Presentation on theme: "Organisms may be divided into two main forms :prokaryotic and eukaryotic This is a typical prokaryotic bacterial cell and shows the following features."— Presentation transcript:
Organisms may be divided into two main forms :prokaryotic and eukaryotic This is a typical prokaryotic bacterial cell and shows the following features all of which are mentioned in the monograph P2 Prokaryotic Cell Structure Plasmids
Nucleoid – This is highly condensed DNA in the form of a single circular molecule. It is often referred to as a bacterial chromosome Plasmid – these are smaller rings of DNA which contain genes Cytosol – This is the watery gel making up the majority of the cell content and is the site of bacterial metabolism Ribosomes – Bacteria have many ribosomes suspended in the cytosol. These as smaller and less complex than the ones found in Eukaryotic cells Cell wall – Tough outer coat made of peptidoglycan (linked dissacharide and peptide) and is used as the basis of the gram stain Capsule – The bacterial has a mucilaginous coating known as the capsule. This protects the cell against chemicals such as acids Pili – These can be used to help bacteria attach to surfaces or to help them transfer their plasmids. Flagella – Both aid bacterial movement
Nucleus and DNA Eukaryotic cells have a true nucleus, bound by a double membrane. Prokaryotic cells have no nucleus. Prokaryotic cells do have DNA and DNA functions. Biologists describe the central region of the cell as its "nucleoid" (-oid=similar or imitatingbut the nucleoid is essentially an imaginary "structure." There is no physical boundary enclosing the nucleoid. Eukaryotic DNA is linear; prokaryotic DNA is circular (it has no ends). Eukaryotic DNA is complexed with proteins called "histones," and is organized into chromosomes; prokaryotic DNA is "naked," meaning that it has no histones associated with it, and it is not formed into chromosomes. A eukaryotic cell contains a number of chromosomes; a prokaryotic cell contains only one circular DNA molecule and a varied assortment of much smaller circlets of DNA called "plasmids." The smaller, simpler prokaryotic cell requires far fewer genes to operate than the eukaryotic cell.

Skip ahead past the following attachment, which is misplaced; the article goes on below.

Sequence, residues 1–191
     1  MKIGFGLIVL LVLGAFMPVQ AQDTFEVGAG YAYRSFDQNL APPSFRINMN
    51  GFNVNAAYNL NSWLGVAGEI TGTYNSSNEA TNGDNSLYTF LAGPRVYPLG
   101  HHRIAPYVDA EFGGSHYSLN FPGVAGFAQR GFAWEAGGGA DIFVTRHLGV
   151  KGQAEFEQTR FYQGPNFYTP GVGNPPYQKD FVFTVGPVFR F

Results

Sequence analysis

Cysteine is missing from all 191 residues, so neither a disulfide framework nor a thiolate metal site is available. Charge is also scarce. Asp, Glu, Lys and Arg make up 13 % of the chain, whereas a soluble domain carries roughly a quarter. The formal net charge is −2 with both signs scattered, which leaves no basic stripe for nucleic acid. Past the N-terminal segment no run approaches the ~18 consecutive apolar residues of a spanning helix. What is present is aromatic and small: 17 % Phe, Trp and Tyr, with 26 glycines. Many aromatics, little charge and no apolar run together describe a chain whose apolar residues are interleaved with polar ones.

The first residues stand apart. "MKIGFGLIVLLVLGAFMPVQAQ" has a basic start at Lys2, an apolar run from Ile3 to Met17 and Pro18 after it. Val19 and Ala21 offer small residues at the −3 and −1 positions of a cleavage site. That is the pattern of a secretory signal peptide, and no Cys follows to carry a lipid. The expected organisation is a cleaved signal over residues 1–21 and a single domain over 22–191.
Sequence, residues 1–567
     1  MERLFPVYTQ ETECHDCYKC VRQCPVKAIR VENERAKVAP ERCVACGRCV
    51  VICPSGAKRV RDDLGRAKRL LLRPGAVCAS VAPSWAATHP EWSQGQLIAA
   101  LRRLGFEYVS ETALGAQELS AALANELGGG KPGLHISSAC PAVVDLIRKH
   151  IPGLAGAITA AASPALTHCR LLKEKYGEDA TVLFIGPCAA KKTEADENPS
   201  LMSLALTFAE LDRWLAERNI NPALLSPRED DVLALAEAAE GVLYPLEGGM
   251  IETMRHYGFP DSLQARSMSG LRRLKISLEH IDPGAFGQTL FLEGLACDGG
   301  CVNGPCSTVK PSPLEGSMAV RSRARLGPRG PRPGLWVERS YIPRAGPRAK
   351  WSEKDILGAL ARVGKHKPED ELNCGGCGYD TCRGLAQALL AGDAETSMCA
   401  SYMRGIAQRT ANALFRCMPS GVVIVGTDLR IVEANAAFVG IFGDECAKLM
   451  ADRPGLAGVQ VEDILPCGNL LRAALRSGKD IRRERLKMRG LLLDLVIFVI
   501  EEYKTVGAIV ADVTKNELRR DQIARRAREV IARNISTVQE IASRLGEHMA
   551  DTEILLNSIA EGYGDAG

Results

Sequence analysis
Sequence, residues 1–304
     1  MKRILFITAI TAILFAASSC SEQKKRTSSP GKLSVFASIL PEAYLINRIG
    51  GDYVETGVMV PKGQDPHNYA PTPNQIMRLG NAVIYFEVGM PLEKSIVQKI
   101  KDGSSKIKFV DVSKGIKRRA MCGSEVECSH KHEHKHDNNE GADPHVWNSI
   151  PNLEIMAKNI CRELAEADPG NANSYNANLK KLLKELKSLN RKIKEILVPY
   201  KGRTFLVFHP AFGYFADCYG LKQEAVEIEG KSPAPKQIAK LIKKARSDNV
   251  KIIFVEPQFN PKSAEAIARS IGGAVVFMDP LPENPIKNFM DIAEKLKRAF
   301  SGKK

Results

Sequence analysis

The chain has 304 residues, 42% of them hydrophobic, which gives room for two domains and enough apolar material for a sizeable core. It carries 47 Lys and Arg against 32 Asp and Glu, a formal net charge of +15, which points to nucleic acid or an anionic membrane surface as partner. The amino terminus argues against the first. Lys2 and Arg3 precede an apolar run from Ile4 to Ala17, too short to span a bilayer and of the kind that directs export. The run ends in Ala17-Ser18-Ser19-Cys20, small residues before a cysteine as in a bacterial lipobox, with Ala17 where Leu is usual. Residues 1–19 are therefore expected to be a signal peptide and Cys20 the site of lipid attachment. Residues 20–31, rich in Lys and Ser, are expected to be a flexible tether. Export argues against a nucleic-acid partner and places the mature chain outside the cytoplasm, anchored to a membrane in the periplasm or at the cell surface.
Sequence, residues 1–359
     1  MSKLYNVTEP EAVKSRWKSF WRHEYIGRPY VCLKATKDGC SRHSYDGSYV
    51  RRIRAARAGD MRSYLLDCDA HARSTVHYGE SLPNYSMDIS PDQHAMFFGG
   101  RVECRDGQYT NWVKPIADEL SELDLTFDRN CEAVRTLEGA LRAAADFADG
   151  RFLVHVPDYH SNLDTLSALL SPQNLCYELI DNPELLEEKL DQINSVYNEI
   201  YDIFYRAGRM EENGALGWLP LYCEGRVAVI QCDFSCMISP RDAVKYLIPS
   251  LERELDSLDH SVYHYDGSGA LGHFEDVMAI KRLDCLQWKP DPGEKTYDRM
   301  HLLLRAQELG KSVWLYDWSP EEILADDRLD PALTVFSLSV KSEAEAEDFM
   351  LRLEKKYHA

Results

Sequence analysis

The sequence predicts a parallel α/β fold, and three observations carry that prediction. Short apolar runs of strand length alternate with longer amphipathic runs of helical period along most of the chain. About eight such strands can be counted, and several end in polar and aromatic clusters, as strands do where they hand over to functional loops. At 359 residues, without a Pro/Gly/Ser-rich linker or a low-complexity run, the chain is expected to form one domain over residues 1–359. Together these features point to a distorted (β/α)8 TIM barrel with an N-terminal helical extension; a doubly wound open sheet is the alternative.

Ribosomes Both cell types have many, many ribosomes, but the ribosomes of the eukaryotic cells are larger and more complex than those of the prokaryotic cell. Ribosomes are made out of a special class of RNA molecules (ribosomal RNA, or rRNA) and a specific collection of different proteins. A eukaryotic ribosome is composed of five kinds of rRNA and about eighty kinds of proteins. Prokaryotic ribosomes are composed of only three kinds of rRNA and about fifty kinds of protein. Membrane bound organelles The cytoplasm of eukaryotic cells is filled with a large, complex collection of organelles, many of them enclosed in their own membranes; the prokaryotic cell contains no membrane-bound organelles which are independent of the plasma membrane. This is a very significant difference, and the source of the vast majority of the greater complexity of the eukaryotic cell. There is much more space within a eukaryotic cell than within a prokaryotic cell, and many of these structures, like the nucleus, increase the efficiency of functions by confining them within smaller spaces within the huge cell, or with communication and movement within the cell.
Structure of a typical Eukaryotic animal cell
Plant and animal cells eukoryotic cells have a nucleus and other membrane bound organelles. Common to both are :- a)Cell membrane – controls entry and exit of molecules b) Cystol – Fluid part of cytoplasm in which many reactions take place c) Ribosomes – site of protein synthesis. These are bound to rough ER d) Endomembrane system – various membrane bound organelles such as: Nucleus – Contains genetic information e.g. DNA Rough ER – Transport of proteins Golgi – packages protein for secretion Mitochondria – the sites of oxidative phosphorylation Lysosomes – sub cellular digestion using powerful protease enzymes Peroxisomes – breakdown of hydrogen peroxide Cytoskeleton – System of fibres inside the cell which add strength, allow cell movement and allow cell to change shape
Certain features are only found in animal cells e.g. a)Intermediate filaments – these are part of the cytoskeleton which is discussed in more detail in the next section. These filaments are found under the cell membrane and add mechanical strength. Plant cell don’t need them as they have a cell wall. b) Centrioles – These orginise the spindle fibres during cell division c) Microvili – the lack of a cell wall allows the animal cell to form fold called micro- villi which further increase the surface area in specialised cells e.g. epithelial cells of gut.
Plasmodesmata These are cytoplasmic connections between plants which all the movement of substances. Middle Lamellae - This is the layer between two adjacent cells Chloroplasts - Synthesis of carbohydrates using light energy Large permanent vacuole - Contains cell sap Cellulose Cell Wall – Flexible, strong and elastic wall which adds mechanical strength and prevent cell from bursting
Differences Between Prokaryote and Eukaryote Cells FeatureProkaryoteEukaryote Size small, mean diameter m Up to 40 m common Genetic material Contained in nucleoid and plasmids DNA associated with proteins to form a chromosome, found within a nucleus Organelles Few present and none surrounded by a plasma membrane Many organelles; Some with double membranes e.g. nucleus, mitochondria and chloroplasts. Many with a single membrane e.g. golgi apparatus, endoplasmic reticulum and lysosomes Cell Walls Rigid formed from glycoproteins (mainly murein) Fungi: Rigid, formed from polysaccharide chitin Plants: Rigid, formed from polysaccharide cellulose